Celebrate good health and good eating with soyfoods! April is National Soyfoods Month. As individuals prepare for spring and new beginnings, take this opportunity to try a new food, too.
“Whether you consider yourself a gourmet chef or a drive-through connoisseur, you can enjoy soyfoods,” says Gretchen Hofing, Michigan State University (MSU) Extension soyfoods health educator and a registered dietitian based in Lenawee County. “Soyfoods are available in a wide variety of products in mainstream grocery stores,” Hofing says. “If you’re thinking that you don’t have time to cook or look for something new at the store, soyfoods are also easy to find in restaurants. Look for edamame in salads, tofu in Asian soups and stir-fries and soymilk in smoothies and coffee drinks.”
The Michigan Soybean Promotion Committee and MSU Extension are doing their part to introduce people, including future chefs, to soyfoods with the release of their new “Soyfoods . . . Soy good for you, Soy easy!” lesson plan. The lesson plan was done with Michigan’s high school career and technical programs hospitality track in mind, but it could be adapted for use with a variety of school and public audiences interested in learning more about why and how to cook soyfoods.
The concept was piloted by Hofing with the Lenawee Intermediate School District’s (LISD) Tech Center classes this past fall.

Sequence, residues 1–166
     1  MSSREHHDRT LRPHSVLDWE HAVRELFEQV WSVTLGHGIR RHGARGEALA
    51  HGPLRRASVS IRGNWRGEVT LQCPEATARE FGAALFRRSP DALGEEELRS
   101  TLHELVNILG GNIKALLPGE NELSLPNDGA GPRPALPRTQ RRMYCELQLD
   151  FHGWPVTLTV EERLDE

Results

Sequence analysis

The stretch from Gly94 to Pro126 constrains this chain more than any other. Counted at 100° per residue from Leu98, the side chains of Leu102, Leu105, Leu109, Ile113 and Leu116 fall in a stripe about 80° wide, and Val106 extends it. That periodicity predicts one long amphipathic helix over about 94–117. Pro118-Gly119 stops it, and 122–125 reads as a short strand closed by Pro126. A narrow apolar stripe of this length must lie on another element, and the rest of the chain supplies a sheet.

“The soyfoods lesson plan was probably one of the most informative and influential presentations that has been given to my students. It gave them a better appreciation for soyfoods and products that are becoming ever more popular in our industry,” says Corbett Day, careers in hospitality instructor for the LISD Tech Center.
Conversations with the Michigan Restaurant Association also revealed that instructors using their ProStart curriculum, a careers in restaurant and food service industries curriculum, have an increased interest in cooking with vegetable protein sources.
The lesson plan consists of a guide on how to use the included resources and suggested activities; a PowerPoint presentation on the composition of soybeans, health benefits of soyfoods, a discussion of how soyfoods fit into MyPyramid, and information on the uses and functionality of soyfoods in cooking; a chart of additional soyfood resources; a comparison of soyfoods and their traditional counterparts; a guide to modifying recipes; and a set of 11 recipes. For more information on “Soyfoods . . . Soy good for you, Soy easy!” visit Michigan Soybean Promotion Committee.
Purchasing and consuming soyfoods is a great way to support your health and Michigan agriculture. The Michigan Soybean Promotion Committee represents soybean producers in the state and funds soybean research and educational efforts. For more information, go to Michigan Soybean Promotion Committee. For information on MSU Extension nutrition programs, visit their web site.
Here is a tasty treat made with soy. Look for more soyfoods recipes at Soy Connection
2 cups chocolate soymilk
4 to 6 tsp* instant espresso powder
Microwave soymilk and espresso powder in medium uncovered microwave-safe container on high for 2 minutes until very hot.
Carefully pour mixture into blender. Cover and hold down lid with folded towel or potholder. Blend on high for 30 seconds or until very frothy. Pour into two 12-ounce coffee mugs. Sprinkle with espresso powder, if desired.
*for a more intense coffee flavor, add 6 teaspoons espresso powder
Yield: 3 cups. Per 1 cup serving: 140 calories, 3.5 g fat (0 g sat fat), 0 mg cholesterol, 75 mg sodium, 24 g carbohydrate, 5 g protein (5 g soy protein), 0 g dietary fiber.
Tip: Use light chocolate soymilk to eliminate an additional 2 grams of fat and 20 calories, for a total of 120 calories and 1.5 grams of fat per serving.